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Monitoring Health Progress: From Global Estimates to Local Health Data
October 5, 2018 @ 12:00 pm - 1:00 pm
On Friday, October 5th, Ties Boerma, PhD, will present Monitoring Health Progress: From Global Estimates to Local Health Data as part of the Carolina Population Center 2018-2019 Interdisciplinary Research Seminar Series.
Boerma is Professor and Canada Research Chair for Population and Global Health at the Centre for Global Public Health, Department of Community Health Sciences, University of Manitoba, Canada, and Director of the Countdown to 2030 for Reproductive, Maternal, Newborn, Child and Adolescent Health. He has over 30 years of experience working in global public health and research programs, including 10 years at national and districts levels in Africa. Boerma served as Director of the Evaluation project from 1997-2002, precursor to today’s MEASURE Evaluation, while holding an appointment as Associate Professor in the Department of Epidemiology at the University of North Carolina at Chapel Hill. He directed the World Health Organization’s work on health information and evidence for 12 years, and has worked for bilateral donors, national governments and research institutions, and published extensively on AIDS, maternal and child health, health information systems and statistics in epidemiological, demographic, and public health journals. A national of the Netherlands, he received his medical degree from the University of Groningen, and a PhD in Medical Demography from the University of Amsterdam.
Boerma is hosted by Carolina Population Center Fellow Sharon Weir. Weir is a Research Assistant Professor, Epidemiology in the Gillings School of Global Public Health at the University of North Carolina at Chapel Hill. Weir has collaborated with UNAIDS and the World Health Organization since 2009, co-chairing a working group to develop operational guidelines for monitoring and evaluation of HIV prevention and treatment programs for people who inject drugs, sex workers, men who have sex with men and transgender people.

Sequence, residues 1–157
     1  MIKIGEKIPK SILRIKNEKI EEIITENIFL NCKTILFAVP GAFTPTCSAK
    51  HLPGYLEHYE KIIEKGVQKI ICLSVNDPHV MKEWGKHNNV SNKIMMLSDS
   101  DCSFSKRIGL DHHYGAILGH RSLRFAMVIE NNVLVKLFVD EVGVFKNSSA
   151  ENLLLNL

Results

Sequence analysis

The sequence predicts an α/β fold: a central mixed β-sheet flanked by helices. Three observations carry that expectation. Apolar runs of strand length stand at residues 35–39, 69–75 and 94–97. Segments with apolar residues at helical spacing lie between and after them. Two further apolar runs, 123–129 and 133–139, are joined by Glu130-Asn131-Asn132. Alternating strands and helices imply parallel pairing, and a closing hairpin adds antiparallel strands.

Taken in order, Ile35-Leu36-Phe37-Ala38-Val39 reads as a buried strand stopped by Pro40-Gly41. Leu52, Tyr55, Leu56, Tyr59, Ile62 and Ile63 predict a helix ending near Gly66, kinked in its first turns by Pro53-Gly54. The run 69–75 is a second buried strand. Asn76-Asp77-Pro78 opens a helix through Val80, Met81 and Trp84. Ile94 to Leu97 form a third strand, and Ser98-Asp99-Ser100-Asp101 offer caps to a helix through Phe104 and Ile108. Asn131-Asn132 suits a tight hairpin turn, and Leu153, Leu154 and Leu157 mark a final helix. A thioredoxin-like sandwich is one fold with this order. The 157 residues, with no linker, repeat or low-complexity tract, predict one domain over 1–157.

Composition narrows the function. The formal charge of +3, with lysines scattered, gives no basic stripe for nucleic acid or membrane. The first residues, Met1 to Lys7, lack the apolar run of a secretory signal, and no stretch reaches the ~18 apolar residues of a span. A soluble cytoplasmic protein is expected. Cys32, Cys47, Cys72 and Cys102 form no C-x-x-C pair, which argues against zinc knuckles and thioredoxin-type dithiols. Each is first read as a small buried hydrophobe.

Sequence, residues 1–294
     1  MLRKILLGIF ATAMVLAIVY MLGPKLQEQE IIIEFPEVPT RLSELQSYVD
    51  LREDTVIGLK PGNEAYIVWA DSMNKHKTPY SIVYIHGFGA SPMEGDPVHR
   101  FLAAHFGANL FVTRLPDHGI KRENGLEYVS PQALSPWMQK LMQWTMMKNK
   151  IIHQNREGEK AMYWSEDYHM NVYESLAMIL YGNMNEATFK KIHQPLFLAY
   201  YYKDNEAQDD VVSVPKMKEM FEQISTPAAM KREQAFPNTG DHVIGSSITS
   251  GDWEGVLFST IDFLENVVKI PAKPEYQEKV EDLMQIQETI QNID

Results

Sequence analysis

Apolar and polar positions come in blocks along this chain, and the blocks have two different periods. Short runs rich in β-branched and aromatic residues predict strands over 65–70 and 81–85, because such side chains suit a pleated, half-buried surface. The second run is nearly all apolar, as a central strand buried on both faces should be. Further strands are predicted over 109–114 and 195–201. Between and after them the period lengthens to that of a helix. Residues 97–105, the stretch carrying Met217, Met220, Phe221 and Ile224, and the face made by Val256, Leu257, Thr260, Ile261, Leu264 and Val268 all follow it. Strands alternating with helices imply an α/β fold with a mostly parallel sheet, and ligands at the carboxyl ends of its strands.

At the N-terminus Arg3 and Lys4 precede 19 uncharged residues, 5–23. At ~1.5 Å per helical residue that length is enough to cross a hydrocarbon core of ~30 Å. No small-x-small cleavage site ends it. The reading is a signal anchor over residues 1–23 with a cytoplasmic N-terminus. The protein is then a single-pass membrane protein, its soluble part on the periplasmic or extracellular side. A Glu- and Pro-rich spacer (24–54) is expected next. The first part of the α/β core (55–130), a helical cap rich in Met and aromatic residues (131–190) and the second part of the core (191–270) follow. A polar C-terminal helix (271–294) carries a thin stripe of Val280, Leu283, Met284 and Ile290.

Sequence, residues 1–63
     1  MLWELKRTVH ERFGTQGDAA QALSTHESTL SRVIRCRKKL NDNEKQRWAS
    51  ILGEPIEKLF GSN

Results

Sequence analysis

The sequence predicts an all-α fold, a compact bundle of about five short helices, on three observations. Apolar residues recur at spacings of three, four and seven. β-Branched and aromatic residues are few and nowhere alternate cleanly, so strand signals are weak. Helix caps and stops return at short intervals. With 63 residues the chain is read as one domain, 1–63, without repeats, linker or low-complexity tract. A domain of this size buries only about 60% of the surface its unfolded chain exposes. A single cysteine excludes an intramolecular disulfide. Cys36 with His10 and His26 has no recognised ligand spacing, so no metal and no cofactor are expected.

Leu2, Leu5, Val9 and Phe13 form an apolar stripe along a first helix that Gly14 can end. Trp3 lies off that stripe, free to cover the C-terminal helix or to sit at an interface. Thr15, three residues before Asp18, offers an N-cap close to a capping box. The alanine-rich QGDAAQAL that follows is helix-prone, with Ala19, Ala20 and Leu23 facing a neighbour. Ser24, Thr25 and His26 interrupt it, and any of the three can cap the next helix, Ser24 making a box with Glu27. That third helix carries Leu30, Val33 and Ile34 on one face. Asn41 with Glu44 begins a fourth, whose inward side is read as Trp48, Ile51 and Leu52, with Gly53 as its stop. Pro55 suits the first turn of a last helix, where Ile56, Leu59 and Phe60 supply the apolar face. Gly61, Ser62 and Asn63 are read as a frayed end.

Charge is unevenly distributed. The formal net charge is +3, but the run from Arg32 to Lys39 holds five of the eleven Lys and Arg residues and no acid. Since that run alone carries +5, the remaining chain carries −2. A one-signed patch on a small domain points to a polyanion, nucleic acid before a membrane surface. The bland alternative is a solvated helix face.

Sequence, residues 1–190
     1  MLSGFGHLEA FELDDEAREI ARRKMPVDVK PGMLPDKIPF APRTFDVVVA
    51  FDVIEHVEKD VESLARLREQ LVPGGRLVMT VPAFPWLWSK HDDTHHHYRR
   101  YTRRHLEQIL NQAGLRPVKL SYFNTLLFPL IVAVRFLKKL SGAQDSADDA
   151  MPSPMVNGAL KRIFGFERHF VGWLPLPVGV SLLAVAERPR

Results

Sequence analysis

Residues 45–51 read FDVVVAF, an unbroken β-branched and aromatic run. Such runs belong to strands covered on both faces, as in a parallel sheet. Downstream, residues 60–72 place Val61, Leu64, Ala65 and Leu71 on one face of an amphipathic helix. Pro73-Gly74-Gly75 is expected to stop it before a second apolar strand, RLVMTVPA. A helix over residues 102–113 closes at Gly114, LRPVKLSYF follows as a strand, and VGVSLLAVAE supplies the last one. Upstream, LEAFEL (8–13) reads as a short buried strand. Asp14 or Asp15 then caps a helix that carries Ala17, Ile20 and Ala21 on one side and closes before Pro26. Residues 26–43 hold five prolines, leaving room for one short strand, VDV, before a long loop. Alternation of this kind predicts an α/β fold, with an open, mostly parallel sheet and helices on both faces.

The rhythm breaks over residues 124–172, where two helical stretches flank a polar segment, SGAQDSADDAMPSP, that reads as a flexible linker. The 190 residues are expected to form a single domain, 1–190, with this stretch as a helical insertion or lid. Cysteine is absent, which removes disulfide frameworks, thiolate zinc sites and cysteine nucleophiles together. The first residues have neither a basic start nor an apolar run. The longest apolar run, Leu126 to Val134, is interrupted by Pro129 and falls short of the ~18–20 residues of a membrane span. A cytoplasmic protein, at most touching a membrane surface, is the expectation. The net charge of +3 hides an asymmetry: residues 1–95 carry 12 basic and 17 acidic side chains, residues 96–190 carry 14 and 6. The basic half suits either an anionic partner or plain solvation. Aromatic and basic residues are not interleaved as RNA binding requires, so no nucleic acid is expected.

The regular monitoring of key health indicators from mortality and morbidity to universal health coverage (UHC) progress is critical for the assessment of progress and performance, the development of strategies and plans, and the implementation of programs. The supply of global health estimates has increased dramatically over the past decade, with ever-increasing granularity, supported by sophisticated statistical modeling. Countries are gradually making progress in improving their health information systems, assisted by data digitization. How can we best bring these developments together? This presentation will focuses on the current balance between global estimates production and local data strengthening, the new challenges of the UHC 2030 agenda, and the progress in using health facility data for subnational monitoring.
Instructors: To arrange for class attendance, contact Kate Allison (email@example.com) by the Monday before the seminar
Streaming may be available and must be arranged at least one week in advance.
This seminar is part of the Carolina Population Center’s Interdisciplinary Research Seminar Series.